Google unveils computer with ‘quantum supremacy’, rivals say wait a qubit

Tech giant flags advancements in AI, chemistry

Google chief executive Sundar Pichai with one of the company’s quantum computers. Photograph: AFP (from Google handout)

Google chief executive Sundar Pichai with one of the company’s quantum computers. Photograph: AFP (from Google handout)

 

Google said on Wednesday it achieved a breakthrough in computing research by using a quantum computer to solve in minutes a complex problem that would take today’s most powerful supercomputer thousands of years to crack.

Google researchers expect that quantum computers within a few years will fuel advancements in fields such as artificial intelligence, materials science and chemistry. The company is racing rivals including IBM Corp and Microsoft Corp to be the first to commercialize the technology and sell it through cloud computing units.

“We’re hoping that when people start using this and looking at performance stability and cloud interface, they’ll get really excited about what we have to offer at Google,” John Martinis, the company’s chief scientist for quantum hardware told reporters.

Official confirmation of the breakthrough came in a paper published in science journal Nature, after weeks of controversy following the leak of a draft, over whether Google’s claim of “quantum supremacy” was valid.

For decades, computer scientists have sought to harness quantum physics, laws governing the behaviour of sub-atomic particles that can simultaneously exist in different states - in contrast to the everyday world that people perceive.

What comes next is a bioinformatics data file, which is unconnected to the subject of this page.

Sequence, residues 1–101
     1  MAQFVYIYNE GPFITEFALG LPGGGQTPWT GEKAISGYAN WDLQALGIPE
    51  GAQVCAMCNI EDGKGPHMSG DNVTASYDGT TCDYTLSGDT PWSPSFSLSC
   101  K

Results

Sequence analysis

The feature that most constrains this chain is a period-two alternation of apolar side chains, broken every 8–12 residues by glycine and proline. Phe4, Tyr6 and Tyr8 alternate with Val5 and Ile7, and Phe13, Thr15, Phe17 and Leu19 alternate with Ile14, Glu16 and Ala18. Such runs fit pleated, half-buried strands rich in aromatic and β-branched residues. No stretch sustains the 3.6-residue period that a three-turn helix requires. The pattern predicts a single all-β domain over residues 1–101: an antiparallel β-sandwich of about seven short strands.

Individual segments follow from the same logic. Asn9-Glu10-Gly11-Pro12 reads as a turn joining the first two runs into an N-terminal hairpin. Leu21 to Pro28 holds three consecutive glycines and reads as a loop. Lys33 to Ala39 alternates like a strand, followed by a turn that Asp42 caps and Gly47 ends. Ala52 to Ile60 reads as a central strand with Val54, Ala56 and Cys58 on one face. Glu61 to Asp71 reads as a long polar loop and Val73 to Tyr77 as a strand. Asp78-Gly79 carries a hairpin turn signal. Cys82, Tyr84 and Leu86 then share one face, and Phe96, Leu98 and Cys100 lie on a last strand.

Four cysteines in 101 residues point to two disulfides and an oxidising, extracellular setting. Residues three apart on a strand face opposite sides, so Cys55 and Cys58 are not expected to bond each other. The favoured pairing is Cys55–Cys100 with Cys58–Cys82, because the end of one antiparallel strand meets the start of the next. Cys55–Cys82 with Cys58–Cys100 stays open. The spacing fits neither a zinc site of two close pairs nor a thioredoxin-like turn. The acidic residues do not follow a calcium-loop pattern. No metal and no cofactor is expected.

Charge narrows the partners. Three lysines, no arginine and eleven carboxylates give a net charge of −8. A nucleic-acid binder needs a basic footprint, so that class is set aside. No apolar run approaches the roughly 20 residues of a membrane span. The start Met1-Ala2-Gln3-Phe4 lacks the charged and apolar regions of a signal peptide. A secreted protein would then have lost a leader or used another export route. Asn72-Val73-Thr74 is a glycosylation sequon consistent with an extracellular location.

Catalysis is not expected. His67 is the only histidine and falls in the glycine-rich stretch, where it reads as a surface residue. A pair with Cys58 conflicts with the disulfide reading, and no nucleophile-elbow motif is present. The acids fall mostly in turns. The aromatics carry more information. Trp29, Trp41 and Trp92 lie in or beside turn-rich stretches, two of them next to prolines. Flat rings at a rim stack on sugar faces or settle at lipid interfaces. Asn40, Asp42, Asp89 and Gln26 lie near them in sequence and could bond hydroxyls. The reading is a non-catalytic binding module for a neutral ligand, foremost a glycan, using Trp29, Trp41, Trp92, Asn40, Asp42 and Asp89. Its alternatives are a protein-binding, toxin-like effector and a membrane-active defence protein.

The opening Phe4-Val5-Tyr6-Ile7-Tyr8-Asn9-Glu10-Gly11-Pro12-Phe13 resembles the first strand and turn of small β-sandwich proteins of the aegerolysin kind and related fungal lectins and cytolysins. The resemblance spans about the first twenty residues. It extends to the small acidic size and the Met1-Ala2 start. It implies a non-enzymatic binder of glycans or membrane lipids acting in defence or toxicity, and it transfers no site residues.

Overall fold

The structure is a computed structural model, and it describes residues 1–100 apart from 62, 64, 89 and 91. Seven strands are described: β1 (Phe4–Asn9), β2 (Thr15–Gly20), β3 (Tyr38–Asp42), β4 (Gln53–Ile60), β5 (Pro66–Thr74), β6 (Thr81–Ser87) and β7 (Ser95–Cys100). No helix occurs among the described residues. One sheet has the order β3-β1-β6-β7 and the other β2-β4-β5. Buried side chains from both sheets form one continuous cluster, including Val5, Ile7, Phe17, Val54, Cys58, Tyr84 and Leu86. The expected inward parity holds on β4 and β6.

So, whereas traditional computing relies on bits, or ones and zeros, quantum computing uses quantum bits, or qubits, that can be both one and zero at the same time.

Superposition

This property, called superposition, multiplies exponentially as qubits become entangled with each other. The more qubits that can be strung together, the vastly more powerful a quantum computer becomes.

But there’s a catch: Quantum researchers need to cool the qubits to close to absolute zero to limit vibration - or “noise” - that causes errors to creep into their calculations. It’s in this extremely challenging task that Google, aided by liquid helium for cooling, has made significant progress.

Google chief executive Sundar Pichai compared the achievement to building the first rocket to leave the Earth’s atmosphere and touch the edge of space, an advance that brought interplanetary travel into the realm of the possible.

“For those of us working in science and technology, it’s the ‘hello world’ moment we’ve been waiting for - the most meaningful milestone to date in the quest to date to make quantum computing a reality,” Mr Pichai wrote in a blog. – Reuters